That is where the successful combination of people and technology really comes to fruition. If adopting a purpose-built human MES solution could drive efficiency by even just five to 10 percent – which could equate to savings of hundreds of thousands of pounds – then why wouldn’t you consider it?
More than Software
A human MES solution is designed to be more than just a software system. It is designed to encourage a more holistic approach to refining manufacturing processes – achieved by encouraging communication and operational optimisation based on intelligence obtained through the integration of man and machine.
The system gives employees the opportunity to incorporate their knowledge and experience into an IT-supported platform that educates and motivates them. Happy, motivated employees plus sophisticated, tailored software. The final result? Efficiency, profitability and business longevity.
Often, a business without such an optimised solution does not realise the gains that can be achieved or the problems that currently exist. By contacting a specialised provider of unique MES software, your business could be outperforming the competition with its own human MES solution in as little as six to eight weeks – including full software implementation and intensive staff training. With such a short implementation cycle and a focus on the human element of the project, benefits and return on investment are rapidly realised, alongside ensuring a sustainable model for self-sufficient operational excellence.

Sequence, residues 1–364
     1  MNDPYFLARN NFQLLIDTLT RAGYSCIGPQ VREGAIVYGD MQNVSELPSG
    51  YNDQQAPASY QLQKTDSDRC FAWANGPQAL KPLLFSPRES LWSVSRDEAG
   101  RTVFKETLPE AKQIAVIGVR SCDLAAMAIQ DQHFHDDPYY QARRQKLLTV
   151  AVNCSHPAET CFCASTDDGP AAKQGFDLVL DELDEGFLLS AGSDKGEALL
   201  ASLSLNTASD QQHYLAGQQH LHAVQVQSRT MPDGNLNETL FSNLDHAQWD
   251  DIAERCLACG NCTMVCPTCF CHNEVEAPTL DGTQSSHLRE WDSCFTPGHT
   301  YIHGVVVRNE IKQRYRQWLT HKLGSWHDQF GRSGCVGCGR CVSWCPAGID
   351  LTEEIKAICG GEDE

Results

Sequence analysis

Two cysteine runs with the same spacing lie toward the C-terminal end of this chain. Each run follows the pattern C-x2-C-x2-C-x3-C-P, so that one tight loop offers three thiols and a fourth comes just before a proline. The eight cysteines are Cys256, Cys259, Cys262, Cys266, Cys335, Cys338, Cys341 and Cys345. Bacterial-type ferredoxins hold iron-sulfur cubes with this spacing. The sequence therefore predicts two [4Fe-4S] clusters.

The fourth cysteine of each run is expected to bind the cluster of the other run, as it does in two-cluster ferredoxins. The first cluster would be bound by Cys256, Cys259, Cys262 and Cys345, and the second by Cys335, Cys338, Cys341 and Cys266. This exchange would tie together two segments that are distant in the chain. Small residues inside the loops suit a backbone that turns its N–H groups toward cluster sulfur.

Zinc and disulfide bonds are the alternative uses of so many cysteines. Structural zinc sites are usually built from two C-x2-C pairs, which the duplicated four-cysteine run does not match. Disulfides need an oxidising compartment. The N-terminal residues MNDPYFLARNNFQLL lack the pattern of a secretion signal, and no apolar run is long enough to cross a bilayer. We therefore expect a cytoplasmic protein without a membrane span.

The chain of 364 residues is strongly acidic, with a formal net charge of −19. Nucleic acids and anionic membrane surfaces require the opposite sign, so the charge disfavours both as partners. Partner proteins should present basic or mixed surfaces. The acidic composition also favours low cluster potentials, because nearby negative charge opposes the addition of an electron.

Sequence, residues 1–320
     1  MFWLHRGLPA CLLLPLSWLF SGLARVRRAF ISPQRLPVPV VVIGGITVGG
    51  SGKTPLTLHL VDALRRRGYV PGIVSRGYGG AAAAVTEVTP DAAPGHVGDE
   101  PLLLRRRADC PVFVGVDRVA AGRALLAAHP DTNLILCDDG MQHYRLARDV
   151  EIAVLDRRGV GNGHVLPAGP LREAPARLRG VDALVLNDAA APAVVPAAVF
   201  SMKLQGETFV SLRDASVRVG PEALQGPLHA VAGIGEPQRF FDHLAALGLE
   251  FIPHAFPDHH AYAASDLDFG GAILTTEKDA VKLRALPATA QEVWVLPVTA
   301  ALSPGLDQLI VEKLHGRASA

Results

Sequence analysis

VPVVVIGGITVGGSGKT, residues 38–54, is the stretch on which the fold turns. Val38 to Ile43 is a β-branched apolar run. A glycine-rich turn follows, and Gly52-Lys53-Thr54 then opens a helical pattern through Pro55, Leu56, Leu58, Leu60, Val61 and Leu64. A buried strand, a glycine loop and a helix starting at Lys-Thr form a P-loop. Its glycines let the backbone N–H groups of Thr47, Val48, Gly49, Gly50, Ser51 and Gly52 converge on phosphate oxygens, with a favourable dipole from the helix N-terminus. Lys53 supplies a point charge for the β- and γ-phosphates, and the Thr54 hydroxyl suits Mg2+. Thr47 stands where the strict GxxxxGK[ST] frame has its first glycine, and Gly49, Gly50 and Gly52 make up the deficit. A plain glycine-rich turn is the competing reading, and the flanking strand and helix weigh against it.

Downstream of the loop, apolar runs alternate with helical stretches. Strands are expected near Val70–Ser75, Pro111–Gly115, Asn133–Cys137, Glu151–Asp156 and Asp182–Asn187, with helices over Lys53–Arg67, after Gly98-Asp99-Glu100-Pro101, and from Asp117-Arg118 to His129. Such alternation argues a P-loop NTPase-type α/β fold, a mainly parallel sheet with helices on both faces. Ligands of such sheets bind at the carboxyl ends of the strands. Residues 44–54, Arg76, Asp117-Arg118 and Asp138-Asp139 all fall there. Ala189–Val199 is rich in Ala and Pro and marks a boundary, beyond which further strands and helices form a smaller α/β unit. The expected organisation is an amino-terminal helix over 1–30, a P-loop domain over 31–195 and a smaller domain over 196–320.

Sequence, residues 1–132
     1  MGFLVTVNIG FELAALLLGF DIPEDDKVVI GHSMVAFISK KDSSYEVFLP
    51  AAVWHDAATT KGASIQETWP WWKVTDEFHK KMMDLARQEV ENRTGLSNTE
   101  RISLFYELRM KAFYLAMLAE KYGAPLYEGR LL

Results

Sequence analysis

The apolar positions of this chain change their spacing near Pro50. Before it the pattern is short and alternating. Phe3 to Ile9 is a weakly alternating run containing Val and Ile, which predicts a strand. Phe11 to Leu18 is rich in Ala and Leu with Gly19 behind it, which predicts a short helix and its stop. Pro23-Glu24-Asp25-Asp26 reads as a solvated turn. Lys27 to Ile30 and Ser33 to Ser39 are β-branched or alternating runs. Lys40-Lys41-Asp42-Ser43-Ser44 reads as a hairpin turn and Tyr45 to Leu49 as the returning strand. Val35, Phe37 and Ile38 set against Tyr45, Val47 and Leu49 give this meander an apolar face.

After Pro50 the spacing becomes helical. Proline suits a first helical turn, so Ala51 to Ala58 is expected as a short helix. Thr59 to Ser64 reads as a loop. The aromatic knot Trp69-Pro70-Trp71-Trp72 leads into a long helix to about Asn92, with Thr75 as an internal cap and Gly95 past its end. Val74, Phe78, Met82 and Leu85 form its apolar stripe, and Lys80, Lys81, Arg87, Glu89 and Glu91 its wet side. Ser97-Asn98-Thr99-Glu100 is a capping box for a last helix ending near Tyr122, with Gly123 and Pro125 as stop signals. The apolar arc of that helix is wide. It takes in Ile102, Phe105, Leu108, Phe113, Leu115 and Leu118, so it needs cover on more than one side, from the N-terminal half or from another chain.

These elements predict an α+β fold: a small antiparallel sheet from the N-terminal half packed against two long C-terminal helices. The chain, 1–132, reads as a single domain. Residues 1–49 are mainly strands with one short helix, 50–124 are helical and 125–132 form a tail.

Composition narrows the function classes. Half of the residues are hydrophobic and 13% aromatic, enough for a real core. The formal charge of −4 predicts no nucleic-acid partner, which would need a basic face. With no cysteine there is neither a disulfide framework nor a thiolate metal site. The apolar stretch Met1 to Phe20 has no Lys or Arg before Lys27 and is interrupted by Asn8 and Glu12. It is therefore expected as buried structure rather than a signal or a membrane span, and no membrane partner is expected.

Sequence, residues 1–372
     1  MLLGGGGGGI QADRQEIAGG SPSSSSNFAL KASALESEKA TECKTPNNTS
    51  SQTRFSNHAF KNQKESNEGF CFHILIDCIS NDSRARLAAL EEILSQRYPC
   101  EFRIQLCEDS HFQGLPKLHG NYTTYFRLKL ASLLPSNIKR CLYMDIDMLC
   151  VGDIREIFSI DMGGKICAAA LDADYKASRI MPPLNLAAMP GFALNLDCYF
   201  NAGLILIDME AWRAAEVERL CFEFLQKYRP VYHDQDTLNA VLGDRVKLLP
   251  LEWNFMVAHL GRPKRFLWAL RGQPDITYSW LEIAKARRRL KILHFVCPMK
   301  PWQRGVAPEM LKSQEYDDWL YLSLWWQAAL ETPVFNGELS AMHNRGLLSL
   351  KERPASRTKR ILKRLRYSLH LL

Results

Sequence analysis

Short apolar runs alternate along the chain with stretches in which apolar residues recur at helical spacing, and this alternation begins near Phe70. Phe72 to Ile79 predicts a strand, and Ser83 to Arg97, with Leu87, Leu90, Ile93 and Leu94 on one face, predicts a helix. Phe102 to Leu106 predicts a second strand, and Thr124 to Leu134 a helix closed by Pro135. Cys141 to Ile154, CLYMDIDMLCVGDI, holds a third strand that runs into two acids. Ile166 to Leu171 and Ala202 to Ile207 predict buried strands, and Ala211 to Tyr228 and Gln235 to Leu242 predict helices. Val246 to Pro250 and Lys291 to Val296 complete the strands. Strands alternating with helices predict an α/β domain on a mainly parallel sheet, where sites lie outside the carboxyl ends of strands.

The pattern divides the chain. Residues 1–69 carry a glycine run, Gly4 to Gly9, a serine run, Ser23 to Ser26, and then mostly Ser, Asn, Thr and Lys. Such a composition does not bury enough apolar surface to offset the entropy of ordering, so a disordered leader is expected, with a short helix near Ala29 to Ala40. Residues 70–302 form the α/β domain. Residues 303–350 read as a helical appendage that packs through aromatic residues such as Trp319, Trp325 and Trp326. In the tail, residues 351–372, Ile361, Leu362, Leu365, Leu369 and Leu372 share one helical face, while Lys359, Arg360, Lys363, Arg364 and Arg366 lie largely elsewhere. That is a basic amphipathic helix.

James Wood, Director, Factory & Activplant Product Lines at Aptea, a leading provider of CRM, ERP and Supply Chain software for businesses
IMF: Variants Can Still Hurt Manufacturing Recovery
After a year of on-and-off manufacturing in the US, UK, and the eurozone, demand for goods surged early last week. Factories set growth records in April and May, suppliers started to recover, and US crude hit its highest price point since pre-COVID. As vaccination efforts immunise much of the US and UK populations, manufacturers are now able to fully ramp up their supply chains. In fact, GDP growth could approach double-digits by 2022.
Now, the ISM productivity measure has surpassed the 50-point mark that separates industry expansion from contraction. Since U.S. president Biden passed his US$1.9tn stimulus package and the UK purchasing managers index (PMI) increased to 65.6, both sides of the Atlantic are facing a much-welcomed manufacturing recovery.